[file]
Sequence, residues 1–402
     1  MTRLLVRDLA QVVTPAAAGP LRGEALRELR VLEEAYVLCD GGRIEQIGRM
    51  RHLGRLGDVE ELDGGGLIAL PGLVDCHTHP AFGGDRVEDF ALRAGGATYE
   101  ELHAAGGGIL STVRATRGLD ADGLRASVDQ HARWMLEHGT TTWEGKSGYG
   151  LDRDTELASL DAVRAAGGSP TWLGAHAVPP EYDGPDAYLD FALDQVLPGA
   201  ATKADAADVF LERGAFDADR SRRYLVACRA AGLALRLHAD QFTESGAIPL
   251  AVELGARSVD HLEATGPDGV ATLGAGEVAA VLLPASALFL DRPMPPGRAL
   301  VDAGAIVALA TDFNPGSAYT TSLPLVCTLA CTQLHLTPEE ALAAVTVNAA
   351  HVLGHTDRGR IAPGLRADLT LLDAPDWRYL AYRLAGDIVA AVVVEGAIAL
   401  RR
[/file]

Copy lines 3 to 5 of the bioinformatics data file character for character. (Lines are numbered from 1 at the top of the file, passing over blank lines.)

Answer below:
    51  RHLGRLGDVE ELDGGGLIAL PGLVDCHTHP AFGGDRVEDF ALRAGGATYE
   101  ELHAAGGGIL STVRATRGLD ADGLRASVDQ HARWMLEHGT TTWEGKSGYG
   151  LDRDTELASL DAVRAAGGSP TWLGAHAVPP EYDGPDAYLD FALDQVLPGA